Integration of basal topographic cues and apical shear stress in vascular endothelial cells

Morgan JT, Wood JA, Shah NM, Hughbanks ML, Russell P, Barakat AI, Murphy CJ.
Source: Biochem Biophys Res Commun
Publication Date: (2012)
Issue: 33(16): 4126-35
Research Area:
Basic Research
Cells used in publication:
Endothelial, aortic, human (HAEC)
Species: human
Tissue Origin: aortic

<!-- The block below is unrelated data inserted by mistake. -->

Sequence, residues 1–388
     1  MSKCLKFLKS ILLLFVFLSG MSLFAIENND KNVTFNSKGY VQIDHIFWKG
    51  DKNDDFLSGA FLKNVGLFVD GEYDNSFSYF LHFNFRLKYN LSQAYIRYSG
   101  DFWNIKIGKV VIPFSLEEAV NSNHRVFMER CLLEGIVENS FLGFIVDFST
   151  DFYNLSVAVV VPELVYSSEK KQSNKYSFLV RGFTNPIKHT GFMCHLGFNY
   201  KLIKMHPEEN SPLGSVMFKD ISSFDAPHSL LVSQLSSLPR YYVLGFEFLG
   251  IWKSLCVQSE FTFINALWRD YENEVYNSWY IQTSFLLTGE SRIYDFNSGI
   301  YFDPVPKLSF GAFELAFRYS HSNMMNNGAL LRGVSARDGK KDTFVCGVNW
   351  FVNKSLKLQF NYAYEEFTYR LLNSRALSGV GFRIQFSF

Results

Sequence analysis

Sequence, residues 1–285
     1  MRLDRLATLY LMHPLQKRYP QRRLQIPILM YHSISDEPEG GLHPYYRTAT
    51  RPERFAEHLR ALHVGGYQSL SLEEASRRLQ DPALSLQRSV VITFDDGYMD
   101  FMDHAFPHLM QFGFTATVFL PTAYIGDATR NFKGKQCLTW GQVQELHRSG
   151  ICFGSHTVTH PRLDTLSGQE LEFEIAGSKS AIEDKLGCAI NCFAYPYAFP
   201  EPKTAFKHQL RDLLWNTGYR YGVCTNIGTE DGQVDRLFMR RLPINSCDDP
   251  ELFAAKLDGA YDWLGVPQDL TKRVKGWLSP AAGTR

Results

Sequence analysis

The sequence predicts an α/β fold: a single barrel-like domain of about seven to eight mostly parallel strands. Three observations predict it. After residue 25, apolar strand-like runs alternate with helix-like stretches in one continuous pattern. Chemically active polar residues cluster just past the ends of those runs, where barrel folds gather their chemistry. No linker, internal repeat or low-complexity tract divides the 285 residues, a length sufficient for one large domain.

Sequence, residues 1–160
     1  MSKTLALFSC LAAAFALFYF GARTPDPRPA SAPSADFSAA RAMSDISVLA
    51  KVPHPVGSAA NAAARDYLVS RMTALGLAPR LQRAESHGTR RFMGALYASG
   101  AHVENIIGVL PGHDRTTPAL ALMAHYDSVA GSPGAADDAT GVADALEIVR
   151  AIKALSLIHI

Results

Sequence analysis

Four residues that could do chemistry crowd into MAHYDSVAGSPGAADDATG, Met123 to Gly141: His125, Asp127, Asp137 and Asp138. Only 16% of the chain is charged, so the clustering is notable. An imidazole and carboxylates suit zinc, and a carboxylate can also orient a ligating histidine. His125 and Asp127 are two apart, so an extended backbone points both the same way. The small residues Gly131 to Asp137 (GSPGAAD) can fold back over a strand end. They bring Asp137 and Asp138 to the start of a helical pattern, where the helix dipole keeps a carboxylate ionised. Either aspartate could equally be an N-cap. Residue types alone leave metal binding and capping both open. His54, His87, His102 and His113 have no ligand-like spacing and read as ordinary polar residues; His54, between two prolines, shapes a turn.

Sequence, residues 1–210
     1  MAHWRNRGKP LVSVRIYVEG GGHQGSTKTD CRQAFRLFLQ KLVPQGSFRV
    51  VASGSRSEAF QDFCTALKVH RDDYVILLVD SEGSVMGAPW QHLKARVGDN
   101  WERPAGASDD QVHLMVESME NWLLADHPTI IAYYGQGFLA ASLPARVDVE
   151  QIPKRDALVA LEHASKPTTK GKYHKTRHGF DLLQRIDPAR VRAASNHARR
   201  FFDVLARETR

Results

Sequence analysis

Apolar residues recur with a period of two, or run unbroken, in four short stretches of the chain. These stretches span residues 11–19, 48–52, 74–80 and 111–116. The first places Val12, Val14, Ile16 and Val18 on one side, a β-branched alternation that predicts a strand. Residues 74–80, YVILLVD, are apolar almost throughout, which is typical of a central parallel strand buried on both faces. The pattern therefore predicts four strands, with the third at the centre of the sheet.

In vivo, vascular endothelial cells (VECs) are anchored to the underlying stroma through a specialization of the extracellular matrix, the basement membrane (BM) which provides a variety of substratum associated biophysical cues that have been shown to regulate fundamental VEC behaviors. VEC function and homeostasis are also influenced by hemodynamic cues applied to their apical surface. How the combination of these biophysical cues impacts fundamental VEC behavior remains poorly studied. In the present study, we investigated the impact of providing biophysical cues simultaneously to the basal and apical surfaces of human aortic endothelial cells (HAECs). Anisotropically ordered patterned surfaces of alternating ridges and grooves and isotropic holed surfaces of varying pitch (pitch = ridge or hole width + intervening groove or planar regions) were fabricated and seeded with HAECs. The cells were then subjected to a steady shear stress of 20 dyne/cm(2) applied either parallel or perpendicular to the direction of the ridge/groove topography. HAECs subjected to flow parallel to the ridge/groove topography exhibited protagonistic effects of the two stimuli on cellular orientation and elongation. In contrast, flow perpendicular to the substrate topography resulted in largely antagonistic effects. Interestingly, the behavior depended on the shape and size of the topographic features. HAECs exhibited a response that was less influenced by the substratum and primarily driven by flow on isotropically ordered holed surfaces of identical pitch to the anistropically ordered surfaces of alternating ridges and grooves. Simultaneous presentation of biophysical cues to the basal and apical aspects of cells also influenced nuclear orientation and elongation; however, the extent of nuclear realignment was more modest in comparison to cellular realignment regardless of the surface order of topographic features. Flow-induced HAEC migration was also influenced by the ridge/groove surface topographic features with significantly altered migration direction and increased migration tortuosity when flow was oriented perpendicular to the topography; this effect was also pitch-dependent. The present findings provide valuable insight into the interaction of biologically relevant apical and basal biophysical cues in regulating cellular behavior and promise to inform improved prosthetic design.